Goal line offense is measured from the 9- to the 1-yard line. It’s a different statistic than the red zone, which is measured from the 19 to the 1.

The Steelers’ red-zone offense improved as well but not as much. The Steelers scored touchdowns on 57 of their trips inside the 20, a jump from 51 percent in 2014, but they still only ranked 13th in the league in red-zone efficiency in 2015.

Maybe this spring seven shots will begin at the 18-yard line.

Below is a game-by-game look at the goal line performance in 2015:

Steelers vs. Patriots

Snaps inside the 10: 8

Touchdowns: 1

Steelers vs. 49ers

Snaps inside the 10: 8

Touchdowns: 5

Steelers vs. Rams

Snaps inside the 10: 7

Touchdowns: 1

Steelers vs. Ravens

Snaps inside the 10: 1

Touchdowns: 1

Steelers vs. Chargers

Snaps inside the 10: 1

Touchdowns: 1

Steelers vs. Cardinals

Snaps inside the 10: 4

Touchdowns: 1

Steelers vs. Chiefs

Snaps inside the 10: 1

Touchdowns: 0

Steelers vs. Bengals

Snaps inside the 10: 3

Touchdowns: 1

Steelers vs. Raiders

Snaps inside the 10: 6

Touchdowns: 3

Steelers vs. Browns

Snaps inside the 10: 11

Touchdowns: 1

Steelers vs. Seahawks

Snaps inside the 10: 2

Touchdowns: 1

Steelers vs. Colts

Snaps inside the 10: 7

Touchdowns: 3

Steelers vs. Bengals

Snaps inside the 10: 5

Touchdowns: 2

Steelers vs. Broncos

Snaps inside the 10: 5

Touchdowns: 3

Steelers vs. Ravens

Snaps inside the 10: 3

Touchdowns: 2

Steelers vs. Browns

Snaps inside the 10: 5

Touchdowns: 2


Steelers vs. Bengals

Snaps inside the 10: 0

Touchdowns: 0

Steelers vs. Broncos

Snaps inside the 10: 1

Touchdowns: 1

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No stars and low stars in high school, several Steelers outperformed their recruit rating

Ray Fittipaldo 6 days ago

In honor of National Letter of Intent day I thought we’d take a look back at some Steelers to see where they were ranked on their signing day. J.J. Watt of the Houston Texans often cites his 2-star status as a high school player as motivation for young players who don’t pull down the 4 and 5-star rankings.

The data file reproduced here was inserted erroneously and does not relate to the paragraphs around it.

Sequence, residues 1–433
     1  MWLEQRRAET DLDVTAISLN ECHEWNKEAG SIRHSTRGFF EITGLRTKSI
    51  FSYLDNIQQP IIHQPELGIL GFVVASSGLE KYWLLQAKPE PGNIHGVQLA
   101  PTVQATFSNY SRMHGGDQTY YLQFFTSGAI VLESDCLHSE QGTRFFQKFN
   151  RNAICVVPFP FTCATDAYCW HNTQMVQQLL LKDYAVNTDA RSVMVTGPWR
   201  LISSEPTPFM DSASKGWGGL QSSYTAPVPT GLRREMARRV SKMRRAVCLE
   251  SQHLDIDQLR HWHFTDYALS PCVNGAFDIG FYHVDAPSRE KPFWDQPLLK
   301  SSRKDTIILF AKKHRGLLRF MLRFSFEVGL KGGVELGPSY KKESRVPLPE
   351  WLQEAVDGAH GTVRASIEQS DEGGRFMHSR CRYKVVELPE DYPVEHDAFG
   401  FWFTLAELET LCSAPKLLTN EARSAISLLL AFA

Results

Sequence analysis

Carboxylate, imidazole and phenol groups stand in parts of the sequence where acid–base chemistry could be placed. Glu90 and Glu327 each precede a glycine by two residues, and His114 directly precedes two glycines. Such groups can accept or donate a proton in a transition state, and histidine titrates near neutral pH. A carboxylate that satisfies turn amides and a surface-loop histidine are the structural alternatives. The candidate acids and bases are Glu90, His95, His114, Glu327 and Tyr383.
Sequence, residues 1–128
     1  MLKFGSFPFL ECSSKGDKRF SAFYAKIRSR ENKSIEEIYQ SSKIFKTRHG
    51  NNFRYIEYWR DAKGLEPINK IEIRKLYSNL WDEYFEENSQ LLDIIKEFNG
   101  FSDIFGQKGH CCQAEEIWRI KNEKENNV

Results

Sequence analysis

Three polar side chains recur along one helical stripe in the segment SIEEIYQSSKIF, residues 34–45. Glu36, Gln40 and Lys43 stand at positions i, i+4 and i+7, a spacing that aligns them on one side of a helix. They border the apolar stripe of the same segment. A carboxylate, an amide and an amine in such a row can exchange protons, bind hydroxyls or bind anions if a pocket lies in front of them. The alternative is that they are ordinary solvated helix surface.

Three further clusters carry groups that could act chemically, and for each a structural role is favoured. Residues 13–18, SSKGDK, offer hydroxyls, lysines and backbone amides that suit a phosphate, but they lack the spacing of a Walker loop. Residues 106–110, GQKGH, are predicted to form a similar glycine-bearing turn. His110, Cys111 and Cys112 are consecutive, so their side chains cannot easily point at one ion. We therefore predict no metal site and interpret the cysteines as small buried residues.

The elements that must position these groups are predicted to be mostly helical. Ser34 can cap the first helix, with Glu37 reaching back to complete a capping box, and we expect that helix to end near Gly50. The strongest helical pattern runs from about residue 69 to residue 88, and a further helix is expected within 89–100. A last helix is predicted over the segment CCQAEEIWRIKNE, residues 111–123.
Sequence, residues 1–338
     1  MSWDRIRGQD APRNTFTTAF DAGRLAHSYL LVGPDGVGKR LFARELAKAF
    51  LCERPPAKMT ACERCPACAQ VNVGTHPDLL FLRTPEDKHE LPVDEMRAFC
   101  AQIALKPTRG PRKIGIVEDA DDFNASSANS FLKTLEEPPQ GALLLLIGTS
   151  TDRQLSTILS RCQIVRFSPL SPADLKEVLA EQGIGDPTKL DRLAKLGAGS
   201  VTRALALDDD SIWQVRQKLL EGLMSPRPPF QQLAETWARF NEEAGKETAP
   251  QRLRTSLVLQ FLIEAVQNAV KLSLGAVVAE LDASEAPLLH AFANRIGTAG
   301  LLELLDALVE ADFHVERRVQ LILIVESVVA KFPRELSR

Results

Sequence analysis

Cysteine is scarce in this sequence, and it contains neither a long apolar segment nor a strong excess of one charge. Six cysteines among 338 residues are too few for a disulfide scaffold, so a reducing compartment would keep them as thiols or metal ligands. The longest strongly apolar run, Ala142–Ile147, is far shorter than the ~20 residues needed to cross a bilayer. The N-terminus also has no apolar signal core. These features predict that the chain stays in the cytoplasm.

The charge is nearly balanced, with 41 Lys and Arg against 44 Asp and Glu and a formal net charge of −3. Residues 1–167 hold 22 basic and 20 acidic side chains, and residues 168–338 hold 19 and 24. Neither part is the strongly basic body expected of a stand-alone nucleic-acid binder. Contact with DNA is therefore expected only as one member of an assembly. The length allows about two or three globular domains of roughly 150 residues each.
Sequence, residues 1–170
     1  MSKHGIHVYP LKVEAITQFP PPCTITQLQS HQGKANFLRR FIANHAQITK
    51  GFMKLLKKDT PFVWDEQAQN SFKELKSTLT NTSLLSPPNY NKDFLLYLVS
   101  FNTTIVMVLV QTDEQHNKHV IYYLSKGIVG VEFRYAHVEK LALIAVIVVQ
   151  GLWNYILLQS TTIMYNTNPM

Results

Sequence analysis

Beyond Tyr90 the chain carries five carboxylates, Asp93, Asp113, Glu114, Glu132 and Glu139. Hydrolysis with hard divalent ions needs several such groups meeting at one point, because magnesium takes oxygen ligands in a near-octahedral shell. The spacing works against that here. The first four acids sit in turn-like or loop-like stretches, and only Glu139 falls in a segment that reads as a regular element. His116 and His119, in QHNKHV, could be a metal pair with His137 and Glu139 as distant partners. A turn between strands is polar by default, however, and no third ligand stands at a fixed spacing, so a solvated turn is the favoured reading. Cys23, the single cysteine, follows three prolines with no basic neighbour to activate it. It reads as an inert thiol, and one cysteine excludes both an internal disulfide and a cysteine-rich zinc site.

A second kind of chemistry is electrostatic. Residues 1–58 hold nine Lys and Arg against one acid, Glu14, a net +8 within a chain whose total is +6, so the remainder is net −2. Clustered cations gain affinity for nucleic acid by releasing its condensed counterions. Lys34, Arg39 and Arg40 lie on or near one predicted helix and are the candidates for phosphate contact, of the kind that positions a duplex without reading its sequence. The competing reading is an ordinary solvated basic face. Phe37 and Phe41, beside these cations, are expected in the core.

Watt isn’t alone in the NFL. In fact, 4- and 5-star rankings don’t really mean much when it comes to which players are getting drafted three and four years later.

Antonio Brown was a no-star recruit coming out of his Miami area high school. He had to go to Central Michigan, where he was teammates with Watt, to hone his craft. The Steelers saw potential in him and selected him in the sixth round of the 2010 draft. He is now a two-time All-Pro and regarded as the best receiver in the NFL.

Le’Veon Bell was a 2-star recruit coming out of his Groveport (Ohio) high school. He played at Michigan State, but on his ESPN recruiting page that still exists the other schools listed included Bowling Green, Eastern Michigan and Marshall. Now the player that Ohio State did not want is an All-Pro in the NFL and mentioned along with Adrian Peterson as the best running in the league.

The Steelers’ other All-Pros were ranked higher. Maurkice Pouncey was a 4-star recruit and chose from among Florida, Florida State and USC. David DeCastro was a 3-star center when he signed with Stanford.

Depending on the recruiting service, 5-star recruits are the players who are judged to be the top 50 players in their recruiting class, or for some in the top 25 or 30. Regardless, those 5-star recruits don’t always have a strong track record of landing in the first round when it’s their turn to be drafted.

Many lower ranked, whether they were underrated to begin with or simply developed their skills better in college, get drafted higher every year.

Watt or Pitt’s Aaron Donald are generally regarded as the top defensive linemen in the NFL. Many consider them to be the best defensive players in the league.

Like Watt, Donald wasn’t a highly rated high school recruit. He was a 3-star prospect coming out of Penn Hills and didn’t have the big name schools after him.

Four years later, he was the No. 14 overall pick in the 2014 draft.

In the same draft, Khalil Mack was the No. 5 overall pick by the Raiders. He was a 2-star recruit and played in relative anonymity at the University of Buffalo in the Mid-American Conference.

I can’t say for sure because I might have missed one, but I couldn’t find a former 5-star recruit on the Steelers.

Here are some other notable Steelers and where they ranked:

Cam Heyward: 4 stars

Jarvis Jones: 4 stars

Ryan Shazier: 4 stars

Martavis Bryant: 4 stars

Markus Wheaton: 3 stars

*In case you missed it, Dri Archer, the Steelers’ third-round pick in 2014, signed a futures contract with the Jets. There are no guarantees with a futures contract. Hundreds of players sign them every offseason as rosters expand to 90 players for OTAs, minicamp and training camp.

Archer, you’ll remember, had a chance to sign with the Steelers as a practice squad player after they cut him in November. He had a chance to sign with other teams and their practice squads and refused. Now he’ll be one of 30 or so nameless faces in Jets camp this summer trying to hook on like an undrafted free agent.